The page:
Tucked away on the eastern side of the main road is the Punakaiki Cavern. If driving, park your car on the ocean side of the road.
The cavern is illuminated by glow worms and in truth, they are not worms at all but the larvae of a fly similar to a large mosquito. They build traps consisting of vertical hanging threads of silk which are studded with sticky, luminous droplets of mucous to catch small insects that are drawn to the light.
Dripping impressively from the ceiling of the cavern are stalactites. These are formed when calcium carbonate and other minerals drip from the ceiling and over time create hanging formations.
The Pororari Lagoon is right next to the Punakaiki Beach Camp and offers thrilling views up into the Paparoa National Park and out to Dolomite Point. It is at its best during sunset and takes about 30 minutes to walk. Be sure to watch the seagulls dining on shellfish, flying high and dropping their dinner from the sky to crack open the shells.
A great rock known as ‘The boot’, is a sculptural sandstone right at the river mouth. Climb it if you dare or watch the waves crashing up and around it.
Of all the places in Punakaiki, the Pororari River was my favourite. It has a mystical quality that captivates you so you won’t want to stop walking. Fortunately, there are many paths to explore along this waterway that will keep you coming back for more. You can either follow the grand limestone gorge on a short walk or make a loop for a longer walk. The Pororari River Track is also the pedestrian entry/exit for the Paparoa Great Walk.
It is a riot of green with spectacular trees, and there are many mushrooms to marvel at along the way. Eels can be spied from creature-like rocks that arch their backs out of the river. These eels are highly revered by the Maori and can live up to 100 years old.
For an hour and a half walk (7 km return) follow alongside the river through beautiful forest until the path meets the Inland Pack Track. Five minutes beyond this junction you will discover a suspension bridge; a perfect place to rest and a photo stop before returning to the carpark.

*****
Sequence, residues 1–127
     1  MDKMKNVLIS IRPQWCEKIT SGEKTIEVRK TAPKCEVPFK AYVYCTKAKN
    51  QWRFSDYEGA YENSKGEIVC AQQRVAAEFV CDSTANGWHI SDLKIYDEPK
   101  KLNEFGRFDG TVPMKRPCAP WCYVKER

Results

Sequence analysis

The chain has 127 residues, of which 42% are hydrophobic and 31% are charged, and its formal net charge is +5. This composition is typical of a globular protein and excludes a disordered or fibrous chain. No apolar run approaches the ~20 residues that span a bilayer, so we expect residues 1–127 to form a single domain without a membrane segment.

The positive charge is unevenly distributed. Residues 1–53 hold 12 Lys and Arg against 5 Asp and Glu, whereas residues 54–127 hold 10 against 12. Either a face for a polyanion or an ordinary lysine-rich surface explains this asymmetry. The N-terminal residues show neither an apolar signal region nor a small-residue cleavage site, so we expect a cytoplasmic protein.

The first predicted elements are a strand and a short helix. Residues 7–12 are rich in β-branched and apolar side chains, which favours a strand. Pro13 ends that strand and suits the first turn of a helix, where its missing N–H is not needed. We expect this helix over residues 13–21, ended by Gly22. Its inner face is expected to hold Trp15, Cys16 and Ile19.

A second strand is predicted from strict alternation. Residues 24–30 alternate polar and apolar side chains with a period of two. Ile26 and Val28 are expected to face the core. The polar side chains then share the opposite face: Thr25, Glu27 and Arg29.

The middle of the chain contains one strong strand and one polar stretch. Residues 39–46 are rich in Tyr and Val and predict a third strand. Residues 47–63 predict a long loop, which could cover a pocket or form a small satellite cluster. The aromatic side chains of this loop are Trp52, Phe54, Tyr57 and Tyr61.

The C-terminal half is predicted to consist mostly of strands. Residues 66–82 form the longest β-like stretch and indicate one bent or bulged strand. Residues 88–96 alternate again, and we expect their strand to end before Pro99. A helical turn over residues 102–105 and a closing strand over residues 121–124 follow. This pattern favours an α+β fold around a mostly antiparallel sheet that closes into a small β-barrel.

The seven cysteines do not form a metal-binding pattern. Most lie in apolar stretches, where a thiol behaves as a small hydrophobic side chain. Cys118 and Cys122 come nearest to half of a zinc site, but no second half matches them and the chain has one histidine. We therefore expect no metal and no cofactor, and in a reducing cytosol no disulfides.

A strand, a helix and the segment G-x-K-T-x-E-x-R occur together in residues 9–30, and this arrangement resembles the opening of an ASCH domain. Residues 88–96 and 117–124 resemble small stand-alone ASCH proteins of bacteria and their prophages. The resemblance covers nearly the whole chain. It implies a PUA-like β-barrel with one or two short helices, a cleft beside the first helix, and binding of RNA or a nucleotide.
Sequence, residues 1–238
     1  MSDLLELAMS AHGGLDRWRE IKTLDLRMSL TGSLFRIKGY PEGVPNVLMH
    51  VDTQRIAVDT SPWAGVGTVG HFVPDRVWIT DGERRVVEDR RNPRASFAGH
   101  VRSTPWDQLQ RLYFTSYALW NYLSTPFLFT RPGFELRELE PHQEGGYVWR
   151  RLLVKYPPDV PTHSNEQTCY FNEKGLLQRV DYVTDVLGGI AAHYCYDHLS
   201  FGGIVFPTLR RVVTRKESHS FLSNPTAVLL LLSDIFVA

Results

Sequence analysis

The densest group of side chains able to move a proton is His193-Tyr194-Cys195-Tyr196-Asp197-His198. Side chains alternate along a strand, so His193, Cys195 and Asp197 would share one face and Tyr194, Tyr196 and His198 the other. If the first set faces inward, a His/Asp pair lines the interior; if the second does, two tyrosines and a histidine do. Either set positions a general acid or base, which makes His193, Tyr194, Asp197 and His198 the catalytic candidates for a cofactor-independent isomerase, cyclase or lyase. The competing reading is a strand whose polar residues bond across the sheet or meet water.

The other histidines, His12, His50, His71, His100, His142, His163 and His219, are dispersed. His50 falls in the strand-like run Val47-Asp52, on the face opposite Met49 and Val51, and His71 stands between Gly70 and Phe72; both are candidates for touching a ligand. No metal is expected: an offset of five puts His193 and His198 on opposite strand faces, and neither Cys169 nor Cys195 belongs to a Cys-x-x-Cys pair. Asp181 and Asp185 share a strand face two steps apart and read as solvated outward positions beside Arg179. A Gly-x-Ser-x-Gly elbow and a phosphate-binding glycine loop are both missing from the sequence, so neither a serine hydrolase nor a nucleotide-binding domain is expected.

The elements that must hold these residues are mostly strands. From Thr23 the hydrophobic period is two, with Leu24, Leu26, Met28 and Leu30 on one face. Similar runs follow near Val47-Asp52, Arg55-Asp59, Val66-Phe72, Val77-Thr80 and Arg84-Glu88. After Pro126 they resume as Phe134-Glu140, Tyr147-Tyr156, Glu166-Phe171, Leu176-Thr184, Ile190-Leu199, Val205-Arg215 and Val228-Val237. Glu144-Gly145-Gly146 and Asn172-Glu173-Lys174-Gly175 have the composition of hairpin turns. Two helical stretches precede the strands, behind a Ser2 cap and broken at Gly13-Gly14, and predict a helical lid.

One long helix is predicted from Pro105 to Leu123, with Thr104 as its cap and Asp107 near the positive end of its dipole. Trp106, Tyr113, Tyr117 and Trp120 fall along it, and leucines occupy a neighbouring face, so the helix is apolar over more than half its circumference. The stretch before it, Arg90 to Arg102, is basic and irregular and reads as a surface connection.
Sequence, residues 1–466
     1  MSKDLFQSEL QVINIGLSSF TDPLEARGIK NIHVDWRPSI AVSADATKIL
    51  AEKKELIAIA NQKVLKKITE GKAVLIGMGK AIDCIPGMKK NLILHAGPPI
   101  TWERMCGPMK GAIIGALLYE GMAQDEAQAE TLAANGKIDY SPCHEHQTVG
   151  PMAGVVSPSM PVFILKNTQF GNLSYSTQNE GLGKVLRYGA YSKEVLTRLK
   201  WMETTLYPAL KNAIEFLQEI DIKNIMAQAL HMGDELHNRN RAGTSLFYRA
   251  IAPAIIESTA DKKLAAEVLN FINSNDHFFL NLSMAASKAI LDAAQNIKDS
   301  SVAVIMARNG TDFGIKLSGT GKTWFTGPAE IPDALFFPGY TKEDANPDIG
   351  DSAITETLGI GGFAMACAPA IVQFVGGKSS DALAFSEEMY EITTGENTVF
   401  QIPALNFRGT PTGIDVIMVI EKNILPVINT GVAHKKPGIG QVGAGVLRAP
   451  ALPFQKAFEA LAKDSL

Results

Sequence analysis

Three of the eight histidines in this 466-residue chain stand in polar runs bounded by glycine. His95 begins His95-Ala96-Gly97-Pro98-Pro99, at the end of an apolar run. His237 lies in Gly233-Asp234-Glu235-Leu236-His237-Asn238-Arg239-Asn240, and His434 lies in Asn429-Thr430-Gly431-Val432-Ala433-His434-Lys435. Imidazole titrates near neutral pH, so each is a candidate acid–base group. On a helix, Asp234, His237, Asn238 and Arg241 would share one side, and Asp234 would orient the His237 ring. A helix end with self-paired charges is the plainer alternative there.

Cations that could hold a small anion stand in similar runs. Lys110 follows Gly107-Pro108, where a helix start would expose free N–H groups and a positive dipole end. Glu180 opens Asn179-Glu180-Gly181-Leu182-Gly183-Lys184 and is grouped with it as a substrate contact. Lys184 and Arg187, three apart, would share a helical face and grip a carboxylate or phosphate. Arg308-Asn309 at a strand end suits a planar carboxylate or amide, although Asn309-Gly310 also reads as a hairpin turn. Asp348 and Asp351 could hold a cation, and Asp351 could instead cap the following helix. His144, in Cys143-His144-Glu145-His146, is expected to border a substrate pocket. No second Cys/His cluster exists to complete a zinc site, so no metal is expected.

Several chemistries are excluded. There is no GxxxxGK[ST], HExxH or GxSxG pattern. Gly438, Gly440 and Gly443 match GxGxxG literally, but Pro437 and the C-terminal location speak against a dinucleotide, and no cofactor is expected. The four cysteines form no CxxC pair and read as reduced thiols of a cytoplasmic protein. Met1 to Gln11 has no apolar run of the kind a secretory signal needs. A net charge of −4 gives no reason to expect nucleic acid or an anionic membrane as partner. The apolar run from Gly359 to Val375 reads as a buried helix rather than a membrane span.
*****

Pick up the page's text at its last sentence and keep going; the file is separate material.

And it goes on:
If you are feeling more adventurous why not continue on for the Paparoa Great Walk. Go on upstream of the Pororari suspension bridge with the Paparoa hut a further 3-4 hrs up the track.
For a three hour hike (11km) you can do the Pororari Loop. Or, for those that are very energetic, the Bullock Creek walk (15km) which takes 5-6 hours. This track connects the Pororari River Track with the scenic Bullock Creek Road. The hike moves through mature forest that is the home of rare birds such as the kaka and the national favourite, the kiwi.
You can always see the sights from a different perspective and go horse trekking along Punakaiki Beach. You can ride under the Pancake Rocks before crossing a river to trek through the radiant rainforest and into the Paparoa National Park. Punakaiki Horse Treks is off State Highway, 6.2km south of Punakaiki village.
The Punakaiki village is quaintly small with an arts and crafts shop and a charming communal book swap. The Pancake Rock cafe is a local favourite during the day and for dinner find them at the Punakaiki Tavern and Bistro.